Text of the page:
I understood what you meant. I was pointing out that you are incorrect in thinking that what is written is incorrect. Let me rephrase. The tensor product is a bifunctor on the category of vector spaces. So, given to linear transformations S and T from V1 to W1 and V2 to W2, one obtains by functoriality a linear transformation S ⊗ T from V1 ⊗ V2 to W1 ⊗ W2. Given any linear transformation S from V1 to W1 and a basis of V1 and a basis of W1, one obtains a matrix A(S) representing the linear transformation; this is basic linear algebra (and ditto for T). What the article is saying is that in a perfectly natural choice of basis for V1 ⊗ V2 and W1 ⊗ W2, the matrix A(S ⊗ T) equals the Kronecker product of A(S) with A(T). This is a simple fact that is quite easy to check (if you still don't believe me). And there's nothing misleading going on here: S and T are linear transformations and S ⊗ T is the standard notation for the map one obtains from the fact that the tensor product is a bifunctor; A(S) and A(T) are matrices and as this article states in the first line, the Kronecker product is a binary operation on matrices and that's what A(S) ⊗ A(T) means. None of these things are being thought of as multidimensional arrays. These are all abstract mathematical objects. As for your objections to "[The Kronecker product] is a generalization of the outer product (which is denoted by the same symbol) from vectors to matrices, and gives the matrix of the tensor product with respect to a standard choice of basis." once again you are being confused by your perspective. In this case, the sentence is not so clear, I give you that, but what it's trying to say is quite true and again simple (at least when viewed from the right perspective). Here goes. When one speaks of the outer product of two vectors, this is what physicist would typically write as
\begin{pmatrix} a \\ b \\ c\end{pmatrix}\otimes\begin{pmatrix}d&e&f\end{pmatrix}.
Now, it is a very common convention to (given a fixed basis) write elements of a vector space V as column vectors. A row vector is then thought of as (the coordinates in the dual basis of) an element of the dual V*. Thus, in a standard way, the above is thought of as an element of V ⊗ V*. This vector space V ⊗ V* is canonically isomorphic to Hom(V,V), i.e. the linear transformations from V to itself. Now one has a basis of V lying around already (since you wrote down a column vector) and so one can write down the canonically associated element of Hom(V,V) in that basis. That is a matrix. That matrix is equal to the Kronecker product of the two above vectors thought of as 3x1 and 1x3 matrices. Should the article explain this in more detail? Yes. But this is all perfectly natural. It seems like your perspective on this comes from manifolds (and maybe computer programming given your link to matricization), but this is misleading you. This is just multilinear algebra. I think this things should be better explained, but they are certainly not false. RobHar (talk) 05:39, 17 October 2012 (UTC)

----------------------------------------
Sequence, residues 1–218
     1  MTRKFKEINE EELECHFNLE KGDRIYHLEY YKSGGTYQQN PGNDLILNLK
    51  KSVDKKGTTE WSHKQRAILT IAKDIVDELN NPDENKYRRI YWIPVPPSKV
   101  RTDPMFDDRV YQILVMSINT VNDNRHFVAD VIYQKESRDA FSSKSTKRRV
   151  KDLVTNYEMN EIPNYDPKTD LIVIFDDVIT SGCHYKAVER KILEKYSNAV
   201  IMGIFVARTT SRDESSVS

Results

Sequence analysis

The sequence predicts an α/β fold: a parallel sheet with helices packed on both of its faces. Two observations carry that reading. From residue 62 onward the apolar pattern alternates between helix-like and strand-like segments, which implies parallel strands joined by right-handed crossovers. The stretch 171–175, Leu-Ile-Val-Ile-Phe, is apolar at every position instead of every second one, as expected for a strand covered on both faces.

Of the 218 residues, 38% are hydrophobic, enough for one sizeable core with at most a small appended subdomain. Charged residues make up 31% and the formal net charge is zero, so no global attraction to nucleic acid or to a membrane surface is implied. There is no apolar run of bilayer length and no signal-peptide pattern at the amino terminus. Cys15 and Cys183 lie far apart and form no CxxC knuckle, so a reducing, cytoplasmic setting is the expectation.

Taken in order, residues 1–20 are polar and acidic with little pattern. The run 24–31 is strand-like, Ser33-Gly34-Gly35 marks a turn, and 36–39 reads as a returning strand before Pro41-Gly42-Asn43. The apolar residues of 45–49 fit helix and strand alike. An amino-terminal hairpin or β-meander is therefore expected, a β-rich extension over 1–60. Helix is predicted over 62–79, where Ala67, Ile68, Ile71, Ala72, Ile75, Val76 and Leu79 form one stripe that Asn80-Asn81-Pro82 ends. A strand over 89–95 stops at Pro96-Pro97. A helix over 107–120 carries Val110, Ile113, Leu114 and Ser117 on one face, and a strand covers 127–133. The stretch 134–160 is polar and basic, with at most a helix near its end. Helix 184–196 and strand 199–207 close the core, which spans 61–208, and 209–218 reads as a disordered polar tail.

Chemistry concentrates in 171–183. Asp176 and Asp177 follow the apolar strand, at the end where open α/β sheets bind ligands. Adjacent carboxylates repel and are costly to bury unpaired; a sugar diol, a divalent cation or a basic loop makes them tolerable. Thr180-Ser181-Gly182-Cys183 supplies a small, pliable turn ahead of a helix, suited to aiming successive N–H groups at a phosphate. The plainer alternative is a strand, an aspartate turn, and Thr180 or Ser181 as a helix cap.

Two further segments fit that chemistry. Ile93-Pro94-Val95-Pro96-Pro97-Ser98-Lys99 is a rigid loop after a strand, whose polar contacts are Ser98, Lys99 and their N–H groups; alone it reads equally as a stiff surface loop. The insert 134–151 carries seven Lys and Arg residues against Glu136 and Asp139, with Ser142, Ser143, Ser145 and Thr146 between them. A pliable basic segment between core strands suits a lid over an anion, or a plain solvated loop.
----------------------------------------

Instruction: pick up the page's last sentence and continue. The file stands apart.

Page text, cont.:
Thank you again for your explanation, RobHar. I agree now that the article is correct, but the various equalities were not explicit enough to be clear for me. You're correct that my background is with manifolds, but I'm actually encountering the Kronecker product in the context of nonlinear elasticity, where the explicit coordinate representations of the Kronecker product AND the tensor product are simultaneously important. For this reason, I feel it's still appropriate to - at some point in the article - explicitly reference the isomorphisms "behind the scenes" which are tacitly obvious to an algebraist. Perhaps there's a standard notation for (invariant versions of) the \textrm{vec} and \textrm{mat} maps? ( (talk) 13:33, 19 October 2012 (UTC)

Formulas for the inverse of a sum of Kronecker products[edit]

Miller (1981) derives a formula for the inverse of sums of Kronecker products (p. 72) in the special case where the "last" matrix is of rank 1. Specifically, Let W = A x G + B x E, where rank(E) = 1. Then W^{-1} = A^{-1} x G^{-1} - T x G^{-1} E G^{-1} where T = ( A + g B )^{-1} B A^{-1} and g = trace(E G^{-1}). Miller also works out examples where G is the identity matrix and B is also of rank 1. Are these too detailed to include in the page? If they are appropriate, I can add them. --Nathanvan (talk) 22:31, 1 January 2013 (UTC)

Property on transpose can be conjugate transpose[edit]

The section on Properties says:

"The operation of transposition is distributive over the Kronecker product:

(\mathbf{A}\otimes \mathbf{B})^T = \mathbf{A}^T \otimes \mathbf{B}^T."

This can be made more generic by also including the complex case and considering the conjugate transpose instead:

(\mathbf{A}\otimes \mathbf{B})^* = \mathbf{A}^* \otimes \mathbf{B}^*.

I think this is worth noting. I believe it is more trivial to see from this that distributiviness also holds for the real case with the transpose, than the other way around. anoko_moonlight (talk) 11:15, 12 August 2013 (UTC)